Winston’s Wish, the charity for bereaved in the UK, is backing National Mental Health Awareness week by joining the social media campaign and encouraging families to consider mental health.
This year, the theme of the awareness campaign is to focus on relationships, encouraging Britons to evaluate the quality of theirs.
Members of the public are being called on to make a ‘relationship resolution’; to assess how much time they actively commit to building and maintaining good relationships. The campaign also asks whether people can spend more time being spending quality time with and listening to those close to them.
Winston’s Wish helps families and young people who have been bereaved of a love one to come to terms with their loss and to lead a fulfilling future. Part of the support looks at relationships in the family unit, encouraging young people to talk about their emotions.
Almost all children and families are likely to be impacted by mental health issues at some point in their life. National Mental Health Awareness week’s focus on relationships is an invaluable reminder of how it is “good to talk”. Studies have shown that early and untimely bereavement has been associated with a negative impact on mental health.
There is strong practice based evidence that helping families to talk about their grief helps with long term outcomes for children and parents. Through their partnership with Help for Heroes, Winston’s Wish are able us to provide crucial support for military families with children that suffer a bereavement at their time of need.
National Mental Health Awareness week is important in encouraging people to discuss emotions and relationships, including those in the military. Grief can be related to mental health issues and can impact a person’s health, wellbeing and relationships.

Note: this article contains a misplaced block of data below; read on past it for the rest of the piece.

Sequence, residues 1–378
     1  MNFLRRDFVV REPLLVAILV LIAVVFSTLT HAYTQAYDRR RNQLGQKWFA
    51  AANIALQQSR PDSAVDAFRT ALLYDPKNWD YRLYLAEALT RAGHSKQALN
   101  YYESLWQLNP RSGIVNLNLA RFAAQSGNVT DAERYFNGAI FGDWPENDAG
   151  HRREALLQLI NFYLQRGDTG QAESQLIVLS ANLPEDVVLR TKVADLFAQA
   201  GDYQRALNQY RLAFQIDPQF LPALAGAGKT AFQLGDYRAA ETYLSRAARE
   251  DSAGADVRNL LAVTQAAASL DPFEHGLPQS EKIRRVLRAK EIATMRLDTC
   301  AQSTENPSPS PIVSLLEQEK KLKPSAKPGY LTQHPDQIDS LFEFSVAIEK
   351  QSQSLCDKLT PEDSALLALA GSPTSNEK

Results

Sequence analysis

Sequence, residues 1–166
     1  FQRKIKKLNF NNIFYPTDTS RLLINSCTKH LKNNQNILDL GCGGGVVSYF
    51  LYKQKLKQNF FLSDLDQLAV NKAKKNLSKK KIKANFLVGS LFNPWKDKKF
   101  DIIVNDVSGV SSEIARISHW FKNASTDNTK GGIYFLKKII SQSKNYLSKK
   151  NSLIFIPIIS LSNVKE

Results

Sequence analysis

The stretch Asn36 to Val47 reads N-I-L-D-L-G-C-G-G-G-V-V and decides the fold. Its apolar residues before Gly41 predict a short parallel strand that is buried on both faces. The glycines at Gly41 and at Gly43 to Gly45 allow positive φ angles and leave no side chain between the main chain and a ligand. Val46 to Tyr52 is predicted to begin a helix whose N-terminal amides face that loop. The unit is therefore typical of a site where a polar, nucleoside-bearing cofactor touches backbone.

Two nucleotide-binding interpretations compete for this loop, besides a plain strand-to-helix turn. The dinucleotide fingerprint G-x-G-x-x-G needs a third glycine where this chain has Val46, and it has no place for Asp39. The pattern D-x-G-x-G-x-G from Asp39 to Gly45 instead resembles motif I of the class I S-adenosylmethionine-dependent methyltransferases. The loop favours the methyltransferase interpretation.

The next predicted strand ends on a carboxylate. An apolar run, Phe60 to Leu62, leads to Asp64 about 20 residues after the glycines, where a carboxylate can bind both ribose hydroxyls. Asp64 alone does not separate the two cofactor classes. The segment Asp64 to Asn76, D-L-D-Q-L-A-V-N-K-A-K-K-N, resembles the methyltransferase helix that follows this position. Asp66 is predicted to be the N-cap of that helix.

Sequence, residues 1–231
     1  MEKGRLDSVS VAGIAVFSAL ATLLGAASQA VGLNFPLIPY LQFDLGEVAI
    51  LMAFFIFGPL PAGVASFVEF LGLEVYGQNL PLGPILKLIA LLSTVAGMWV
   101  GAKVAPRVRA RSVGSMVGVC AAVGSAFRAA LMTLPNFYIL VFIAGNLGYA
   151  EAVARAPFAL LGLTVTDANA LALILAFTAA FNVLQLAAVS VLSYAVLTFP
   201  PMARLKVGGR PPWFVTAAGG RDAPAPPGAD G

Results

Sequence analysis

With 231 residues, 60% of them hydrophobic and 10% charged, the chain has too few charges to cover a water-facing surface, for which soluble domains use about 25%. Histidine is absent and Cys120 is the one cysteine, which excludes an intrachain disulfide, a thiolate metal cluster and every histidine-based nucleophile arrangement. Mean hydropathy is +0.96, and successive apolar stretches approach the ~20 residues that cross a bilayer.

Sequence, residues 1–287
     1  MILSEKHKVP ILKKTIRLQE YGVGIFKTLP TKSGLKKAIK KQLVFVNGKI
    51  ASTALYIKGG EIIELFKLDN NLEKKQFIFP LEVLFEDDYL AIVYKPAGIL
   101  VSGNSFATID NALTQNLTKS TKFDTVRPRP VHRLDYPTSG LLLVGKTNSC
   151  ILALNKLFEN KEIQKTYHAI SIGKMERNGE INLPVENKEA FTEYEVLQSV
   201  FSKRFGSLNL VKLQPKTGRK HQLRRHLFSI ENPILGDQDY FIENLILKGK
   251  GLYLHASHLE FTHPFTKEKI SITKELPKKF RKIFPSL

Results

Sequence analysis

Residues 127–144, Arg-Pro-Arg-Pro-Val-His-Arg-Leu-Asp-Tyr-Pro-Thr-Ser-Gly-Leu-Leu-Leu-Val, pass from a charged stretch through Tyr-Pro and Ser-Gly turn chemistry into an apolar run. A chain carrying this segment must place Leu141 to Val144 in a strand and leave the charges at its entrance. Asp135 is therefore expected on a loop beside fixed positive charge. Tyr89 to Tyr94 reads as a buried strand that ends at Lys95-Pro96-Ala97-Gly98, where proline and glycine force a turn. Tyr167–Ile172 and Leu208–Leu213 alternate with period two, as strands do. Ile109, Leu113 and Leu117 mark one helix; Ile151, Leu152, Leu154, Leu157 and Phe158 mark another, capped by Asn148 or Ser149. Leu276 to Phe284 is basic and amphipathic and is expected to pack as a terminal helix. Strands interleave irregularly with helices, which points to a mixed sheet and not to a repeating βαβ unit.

Sacha Richardson, Director of Family Services, said:
“National Mental Health Awareness provides an important reminder about how important it is to talk about emotions and relationships. We each have our own comfort level in talking about these things, this can be particularly challenging within certain situations and settings. Close family bereavement often makes it feel harder to talk about painful and difficult feelings and unwanted changes; as a result it is all too easy for a grief to be compounded by loneliness.”
Bryn Parry, CEO of Help for Heroes, said:
“I was four and a half years old when my father was killed on active service so I know only too well how vital Winston’s Wish support is to help those who have lost loved ones. You never forget losing a parent but, in time and with the right support, life does get better. Help for Heroes is honoured to be working with Winston’s Wish, providing the UK’s first dedicated provision for bereaved children of military families.”
Winston’s Wish offers a range of support to help children, young people and their families, as well as those in the military. This includes access to a national helpline, drop-in services across 9 locations in the UK, specialist publications and guidance as well as an ‘ask’ email support service.Back to news